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Thailand 23/02/02 - 09/03/02

The Pimalai, Ko Lanta - Day Four and Five - A driving tour of Ko Lanta

Luckily the hotel holds two National Car Rental Suzuki jeeps at their disposal, otherwise renting a car would mean a one way trip to Ban Sala Dan, some 20 kilometres, and a fee of 450 bart (£8) for the transfer. As it is the roads are so bad for the first 8 km that it is hardly worth hiring one, unless, like us, you are really up for seeing behind the wizards curtain of the luxury that is Pimalai.


We sign our lives away at the fee of £30 for 24 hour rental and set off right out of the guarded compound gates towards the south of the island. We bump very slowly along the dusty pitted track, up and over the next couple of hills before deciding progress is so slow and the road so bad that we should head up north and see what we really wanted to - civilisation.

Ban Sala Dan, Ko LantaKo Lanta still very much bellows to the locals. Unlike Phi Phi Island, which is by all accounts is overrun by tourists wanting to see where the film 'The Beach' was filmed and Maya Bay (and is therefore overrun by longtail boats since there are no roads on the island), the tourist industry is taking a while to kick in, thanks mainly due to Ko Lantas distance from Krabi airport, and the inability to travel that far down the island, except by boat. The chao ley or Malaysian fishing communities that inhabit the island are still the majority, and although a lot of them work in the tourist industry there is still a surprising amount of fishing and farming of the flat land between the coast and the hilly interior. Everyone is still amazingly friendly, with kiddies and oldies alike smiling and waving, even in the most remote parts of the south east coast, which is a remarkably peaceful and attractive part. Even after we meet tarmac there is no option of travelling at speed, as, apart from the views, the road constantly deteriorates to pot holes and dust.

Ban Sala Dan, Ko LantaWe stop in Ban Sala Dan to change the rest of our travellers cheques, happening on a bank (probably the bank) with a good exchange rate which quickly develops a huge queue of back-packer-type tourists, and is on the direct route from the boat quay from the mainland. Ban Sala Dan is a real gateway for back packers to the joys of the island of Ko Lanta, and is just a cross roads for travel agents and bungalow touts. We shop, and refresh ourselves with iced coffee, and shoot film before following the drive south, taking in what few tourist attractions there are on theBan Hua Laem, Ko Lanta island.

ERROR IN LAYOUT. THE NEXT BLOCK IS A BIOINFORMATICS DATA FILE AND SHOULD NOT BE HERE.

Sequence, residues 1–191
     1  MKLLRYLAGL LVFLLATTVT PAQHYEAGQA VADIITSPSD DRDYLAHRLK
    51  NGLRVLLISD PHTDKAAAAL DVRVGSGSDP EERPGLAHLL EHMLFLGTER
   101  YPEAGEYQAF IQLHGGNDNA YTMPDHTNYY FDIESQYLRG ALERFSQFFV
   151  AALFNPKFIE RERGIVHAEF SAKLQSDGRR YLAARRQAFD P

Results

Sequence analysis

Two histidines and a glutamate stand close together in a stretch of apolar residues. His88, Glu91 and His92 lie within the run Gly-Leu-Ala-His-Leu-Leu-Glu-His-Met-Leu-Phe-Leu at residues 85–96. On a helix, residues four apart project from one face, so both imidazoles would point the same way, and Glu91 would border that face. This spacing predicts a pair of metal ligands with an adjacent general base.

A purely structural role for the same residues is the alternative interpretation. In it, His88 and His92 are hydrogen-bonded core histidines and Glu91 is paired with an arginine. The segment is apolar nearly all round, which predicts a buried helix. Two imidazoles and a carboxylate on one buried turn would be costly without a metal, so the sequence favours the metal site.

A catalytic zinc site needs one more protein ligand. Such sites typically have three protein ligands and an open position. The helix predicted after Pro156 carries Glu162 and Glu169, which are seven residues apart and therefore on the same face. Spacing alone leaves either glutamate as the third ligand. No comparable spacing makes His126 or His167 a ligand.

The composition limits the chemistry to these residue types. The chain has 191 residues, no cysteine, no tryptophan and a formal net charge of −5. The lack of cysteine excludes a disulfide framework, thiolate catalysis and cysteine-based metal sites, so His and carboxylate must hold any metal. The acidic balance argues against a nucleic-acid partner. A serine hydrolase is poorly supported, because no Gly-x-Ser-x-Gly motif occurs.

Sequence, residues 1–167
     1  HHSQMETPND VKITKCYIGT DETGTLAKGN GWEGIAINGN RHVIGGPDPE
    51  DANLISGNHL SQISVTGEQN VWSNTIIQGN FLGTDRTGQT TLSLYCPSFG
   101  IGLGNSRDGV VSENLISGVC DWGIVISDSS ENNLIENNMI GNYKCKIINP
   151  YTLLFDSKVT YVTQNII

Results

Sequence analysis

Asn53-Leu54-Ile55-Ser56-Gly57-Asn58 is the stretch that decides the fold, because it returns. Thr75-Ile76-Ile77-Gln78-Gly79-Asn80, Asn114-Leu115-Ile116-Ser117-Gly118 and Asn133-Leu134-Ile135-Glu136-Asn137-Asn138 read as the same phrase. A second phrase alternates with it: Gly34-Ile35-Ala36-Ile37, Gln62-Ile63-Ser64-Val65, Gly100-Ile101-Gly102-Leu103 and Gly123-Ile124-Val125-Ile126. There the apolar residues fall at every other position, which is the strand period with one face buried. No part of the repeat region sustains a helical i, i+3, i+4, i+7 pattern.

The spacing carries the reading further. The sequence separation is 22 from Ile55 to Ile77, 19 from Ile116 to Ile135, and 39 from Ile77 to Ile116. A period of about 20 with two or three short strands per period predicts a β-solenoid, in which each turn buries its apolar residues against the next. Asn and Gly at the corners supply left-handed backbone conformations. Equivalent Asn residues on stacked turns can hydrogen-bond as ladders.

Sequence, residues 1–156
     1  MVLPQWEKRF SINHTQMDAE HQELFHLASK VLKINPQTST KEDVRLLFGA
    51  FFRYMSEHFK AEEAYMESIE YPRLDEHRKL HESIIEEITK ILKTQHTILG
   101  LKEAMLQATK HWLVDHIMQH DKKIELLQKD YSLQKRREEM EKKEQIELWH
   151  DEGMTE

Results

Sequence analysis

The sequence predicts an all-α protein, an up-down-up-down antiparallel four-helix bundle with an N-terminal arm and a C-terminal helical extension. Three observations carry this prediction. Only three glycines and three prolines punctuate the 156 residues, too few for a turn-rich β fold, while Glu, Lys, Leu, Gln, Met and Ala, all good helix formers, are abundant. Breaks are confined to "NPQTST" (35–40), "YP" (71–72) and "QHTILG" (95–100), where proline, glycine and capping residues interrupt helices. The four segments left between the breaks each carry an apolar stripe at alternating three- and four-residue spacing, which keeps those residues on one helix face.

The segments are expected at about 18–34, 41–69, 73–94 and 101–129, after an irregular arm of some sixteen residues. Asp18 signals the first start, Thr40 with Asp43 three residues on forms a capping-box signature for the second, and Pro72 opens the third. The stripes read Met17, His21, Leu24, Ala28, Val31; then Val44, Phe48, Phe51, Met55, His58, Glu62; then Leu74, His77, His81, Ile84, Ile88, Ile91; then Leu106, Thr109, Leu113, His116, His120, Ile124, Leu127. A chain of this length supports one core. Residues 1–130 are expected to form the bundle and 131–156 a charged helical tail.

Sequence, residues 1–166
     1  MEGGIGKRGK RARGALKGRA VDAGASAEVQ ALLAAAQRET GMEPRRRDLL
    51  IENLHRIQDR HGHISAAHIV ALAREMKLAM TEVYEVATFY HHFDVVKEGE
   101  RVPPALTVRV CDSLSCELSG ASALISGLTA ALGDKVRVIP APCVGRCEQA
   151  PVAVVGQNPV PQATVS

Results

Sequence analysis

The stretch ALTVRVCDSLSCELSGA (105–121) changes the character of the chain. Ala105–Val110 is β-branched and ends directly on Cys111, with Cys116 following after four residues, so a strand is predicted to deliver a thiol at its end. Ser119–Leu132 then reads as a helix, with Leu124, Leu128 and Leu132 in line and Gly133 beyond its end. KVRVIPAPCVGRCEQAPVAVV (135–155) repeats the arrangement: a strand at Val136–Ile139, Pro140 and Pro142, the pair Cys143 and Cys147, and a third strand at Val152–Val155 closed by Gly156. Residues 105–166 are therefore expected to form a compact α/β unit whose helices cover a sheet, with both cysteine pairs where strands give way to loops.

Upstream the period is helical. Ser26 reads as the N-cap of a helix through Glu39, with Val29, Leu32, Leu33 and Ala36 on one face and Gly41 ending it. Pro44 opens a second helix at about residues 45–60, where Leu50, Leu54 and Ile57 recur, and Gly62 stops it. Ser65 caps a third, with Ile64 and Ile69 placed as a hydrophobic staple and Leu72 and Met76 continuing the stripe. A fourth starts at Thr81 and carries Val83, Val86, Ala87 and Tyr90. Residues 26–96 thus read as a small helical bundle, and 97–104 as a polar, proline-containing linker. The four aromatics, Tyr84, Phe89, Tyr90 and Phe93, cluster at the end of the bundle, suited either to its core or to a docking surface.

The first is and Orchid nursery, which is very badly advertised, and actually quite an eye opener, even though it is only an open-top shed just off the main road. There are multi lingual guides and you are walked round by the staff when it is quiet there. There are apparently some 20,000 species of orchid, and only a small percentage are on display here, but they do have sealed samples that you can take home, and we do.

Our second stop is a bar we have had recommended to us by friends at home. It's a place called 'Where Else', and is a lovely little bungalow set up on flat ground behind a long beach in the shade of a palm tree wood. It's a sleepy corner with stylish comfortable looking reed panelled bungalows, and we stop for lunch in the bar, eating lovely food and having fresh fruit shakes for very little money.

Ban Hua Laem, Ko LantaFrom here we move on south passed our turning along the dirt road to the Pimalai and across the island to the east coast, stopping to have a look at the Mae Keaow caves and discovering that it's a two hourround trip to get into the caves - a half an hour walk each way. We drive on, and come across great views as we reach the plains of the east coast. Driving south as far as we can go we discover a very different Ko Lanta, one which has little regard for tourism, and dispite smiling faces and waves wherever we go the communities are remote, and the town of Ban Hua Laem is untouched by the western world, and Mrs A and I have troubled deciding whether the smart little main square (with the islands only pavement and the islands only fire engine) is more Chinese or Japanese. See photo.

The road to the south has the best surface because it is the least used, and comes to a halt outside a school. We retrace our steps, and reluctantly take the turn back down the dirt track to our southwest corner of the island.

After finding out that we don't, as we were told, have to change rooms for our last night, we grudgingly do a little packing after a quick dip in the 'infinity's edge' pool. We return, once again, to Same Same But Different for another ultimately relaxing dinner under the twinkling clear stars, tonight commenting on how the piece de resistance is to be able to dig your bare feet into the cooling deep sand below your table! We chat with off duty hotel staff, including one of the managers, play with a kitten, and schmooze the evening away, spinning it out to the last drop before the slow stroll home along the beach. Our last surprise, as we glance starward for one last time from the deserted sunbeds on the darkened beach, are fireworks at the other end of the bay. So much of this trip has been just like a dream.
Summary | Bangkok | Bangkok Day Two | Khao Lak Bay Front Resort | Khao Lak Day Two | Ko Similan Islands
Turtle Conservation Festival | Leaving Khao Lak for Pimalai Resort, Ko Lanta | Ko Rok Snorkelling
Pimalai Resort and Ko Lanta Driving Tour | Leaving Thailand
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